A Promotion That Really ‘Sucked’
There are good promotions and bad promotions – but it took Hoover vacuum’s European arm to come up with what many regard as the
worst promotion of all time. The promotion was so ill-conceived that Maytag, Hoover’s parent at the time, actually had to sell the company. I had heard about it before, but found the details in a 2011 article by Evan V. Symon, titled “The 5 Biggest Disasters in the History of Marketing Ideas.”
In the 1990’s, Hoover had the bright idea of offering in the U.K. two round-trip airline tickets to Europe or the U.S. with the purchase of a vacuum. Back then, Hoover’s upper-level vacuums were a bit pricey. The thinking was that the two free airline tickets would encourage customers to move up to those pricey models
What actually happened? People who didn’t even need a vacuum were buying them…sometimes many of them. Why? The minimum cost of the vacuum to qualify for the promotion was 100 pounds. The minimum price of two round-trip flights was considerably higher. So every time someone bought a vacuum and collected the tickets, it cost Hoover a lot of money. Now I’m guessing it doesn’t take a Paul Samuelson or even a second rate economist to understand that this was not a good plan.
Before I reveal the results, I want to share another promotional disaster highlighted in that article. The perpetrator was the Silo retail chain, which found itself overstocked with stereos. Their crack team decided to get a bit edgy in their ad by offering the stereos at a discount price of “299 bananas.”
The term “bananas” as a synonym for dollars hadn’t been popular for decades; so naturally the joke was lost on most who saw the ad. But that didn’t stop dozens of people from marching into the store with 299 actual bananas – retail value at the time: about $40. The chain had to honor the offer. What did they do with the bananas? Since food banks don’t take perishable items, hopefully there was a zoo nearby.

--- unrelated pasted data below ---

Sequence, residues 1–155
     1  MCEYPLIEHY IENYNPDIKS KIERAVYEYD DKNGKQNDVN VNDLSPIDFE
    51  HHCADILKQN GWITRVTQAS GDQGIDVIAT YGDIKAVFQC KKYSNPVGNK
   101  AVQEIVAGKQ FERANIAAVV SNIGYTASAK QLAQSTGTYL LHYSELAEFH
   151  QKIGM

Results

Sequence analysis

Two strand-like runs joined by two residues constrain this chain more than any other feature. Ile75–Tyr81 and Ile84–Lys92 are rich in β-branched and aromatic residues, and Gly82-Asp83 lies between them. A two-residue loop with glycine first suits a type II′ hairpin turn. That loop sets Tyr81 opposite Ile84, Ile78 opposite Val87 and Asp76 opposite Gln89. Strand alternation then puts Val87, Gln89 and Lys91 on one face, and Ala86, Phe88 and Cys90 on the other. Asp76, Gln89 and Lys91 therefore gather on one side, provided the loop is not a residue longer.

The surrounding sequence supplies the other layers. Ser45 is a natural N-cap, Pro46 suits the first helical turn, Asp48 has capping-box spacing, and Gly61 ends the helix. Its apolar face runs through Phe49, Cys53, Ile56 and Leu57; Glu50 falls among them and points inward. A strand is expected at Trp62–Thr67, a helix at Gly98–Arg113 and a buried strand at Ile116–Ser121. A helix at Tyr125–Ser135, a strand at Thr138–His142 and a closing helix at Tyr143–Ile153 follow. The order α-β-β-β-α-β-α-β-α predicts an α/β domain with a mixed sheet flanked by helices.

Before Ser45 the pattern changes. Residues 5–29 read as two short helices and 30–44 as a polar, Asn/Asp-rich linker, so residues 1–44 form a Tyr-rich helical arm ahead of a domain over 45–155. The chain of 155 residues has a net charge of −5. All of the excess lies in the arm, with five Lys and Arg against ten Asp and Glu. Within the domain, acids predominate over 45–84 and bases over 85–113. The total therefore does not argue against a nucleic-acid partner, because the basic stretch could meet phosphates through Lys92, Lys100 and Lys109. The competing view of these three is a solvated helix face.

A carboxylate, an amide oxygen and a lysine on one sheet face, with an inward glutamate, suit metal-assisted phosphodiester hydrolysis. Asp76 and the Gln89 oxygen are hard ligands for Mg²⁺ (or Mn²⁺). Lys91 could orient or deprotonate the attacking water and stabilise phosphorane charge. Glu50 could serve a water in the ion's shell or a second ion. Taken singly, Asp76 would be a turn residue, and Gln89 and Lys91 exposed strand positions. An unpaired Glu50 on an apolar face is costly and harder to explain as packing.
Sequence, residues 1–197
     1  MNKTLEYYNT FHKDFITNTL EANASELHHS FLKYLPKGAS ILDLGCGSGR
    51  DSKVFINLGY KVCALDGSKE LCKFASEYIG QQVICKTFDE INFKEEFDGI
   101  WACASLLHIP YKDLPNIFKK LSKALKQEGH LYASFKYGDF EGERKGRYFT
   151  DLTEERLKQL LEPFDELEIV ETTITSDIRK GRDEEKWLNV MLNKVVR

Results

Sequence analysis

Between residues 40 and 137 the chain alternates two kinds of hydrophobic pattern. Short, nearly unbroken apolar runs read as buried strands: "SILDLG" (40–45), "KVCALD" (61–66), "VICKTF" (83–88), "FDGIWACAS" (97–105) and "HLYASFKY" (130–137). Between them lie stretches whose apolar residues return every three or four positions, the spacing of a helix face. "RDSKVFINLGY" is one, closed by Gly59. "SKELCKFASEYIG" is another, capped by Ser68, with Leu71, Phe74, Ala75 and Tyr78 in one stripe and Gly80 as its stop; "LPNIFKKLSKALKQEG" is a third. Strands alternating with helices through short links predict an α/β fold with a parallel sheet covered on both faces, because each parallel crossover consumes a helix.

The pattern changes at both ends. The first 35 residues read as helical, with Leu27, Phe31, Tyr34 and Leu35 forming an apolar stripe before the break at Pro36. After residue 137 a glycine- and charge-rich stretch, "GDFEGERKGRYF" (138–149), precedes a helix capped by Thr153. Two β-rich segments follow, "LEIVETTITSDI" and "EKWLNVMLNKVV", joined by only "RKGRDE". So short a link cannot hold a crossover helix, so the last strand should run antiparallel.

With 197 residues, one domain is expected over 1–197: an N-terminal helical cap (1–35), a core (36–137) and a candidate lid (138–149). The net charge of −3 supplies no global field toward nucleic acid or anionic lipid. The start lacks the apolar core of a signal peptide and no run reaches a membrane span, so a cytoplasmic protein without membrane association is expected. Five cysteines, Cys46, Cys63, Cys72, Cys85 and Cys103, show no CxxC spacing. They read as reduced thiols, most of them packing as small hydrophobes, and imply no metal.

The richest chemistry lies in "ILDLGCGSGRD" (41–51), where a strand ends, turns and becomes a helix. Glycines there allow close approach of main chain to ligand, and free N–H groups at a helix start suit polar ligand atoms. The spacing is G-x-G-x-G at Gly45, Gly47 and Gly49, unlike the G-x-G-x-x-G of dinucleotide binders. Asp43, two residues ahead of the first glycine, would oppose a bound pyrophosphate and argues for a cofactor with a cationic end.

Now back to our big winner….er, loser of the day: Hoover wound up losing 50 million pounds in what many people believe to be the world’s worst promotion. (One British pound fluctuated somewhere between $1.15 to $1.30 for most of the 1990’s, so you can do the math.) It was so bad that claims for the tickets were never fully settled until years later – and, as mentioned, Maytag had no choice but to sell the company. Perhaps Hoover’s then-“braintrust” had difficulty grasping the concept that it is not good practice to give away value higher then the cost of what one is selling.
As in all cases, one hopes some good did come out of this promotion. I’m guessing it prompted a bit of unusual tipping from frequent fliers: “Great haircut, Sam. I’d like you to have this Hoover….”